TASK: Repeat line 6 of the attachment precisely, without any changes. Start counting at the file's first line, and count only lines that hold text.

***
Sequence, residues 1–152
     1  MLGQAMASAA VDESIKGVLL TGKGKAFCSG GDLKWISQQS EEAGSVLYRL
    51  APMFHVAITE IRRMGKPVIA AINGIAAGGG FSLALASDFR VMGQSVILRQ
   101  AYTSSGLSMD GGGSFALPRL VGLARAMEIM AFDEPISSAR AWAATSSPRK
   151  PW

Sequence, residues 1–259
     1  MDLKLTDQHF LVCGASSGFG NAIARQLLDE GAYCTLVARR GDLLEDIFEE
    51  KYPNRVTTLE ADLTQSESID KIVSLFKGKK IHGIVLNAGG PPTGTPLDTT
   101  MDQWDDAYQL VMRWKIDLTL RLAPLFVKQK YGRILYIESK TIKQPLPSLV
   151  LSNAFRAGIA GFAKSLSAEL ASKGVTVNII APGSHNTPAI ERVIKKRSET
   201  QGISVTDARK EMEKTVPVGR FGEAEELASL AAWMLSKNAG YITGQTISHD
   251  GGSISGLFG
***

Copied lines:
Sequence, residues 1–259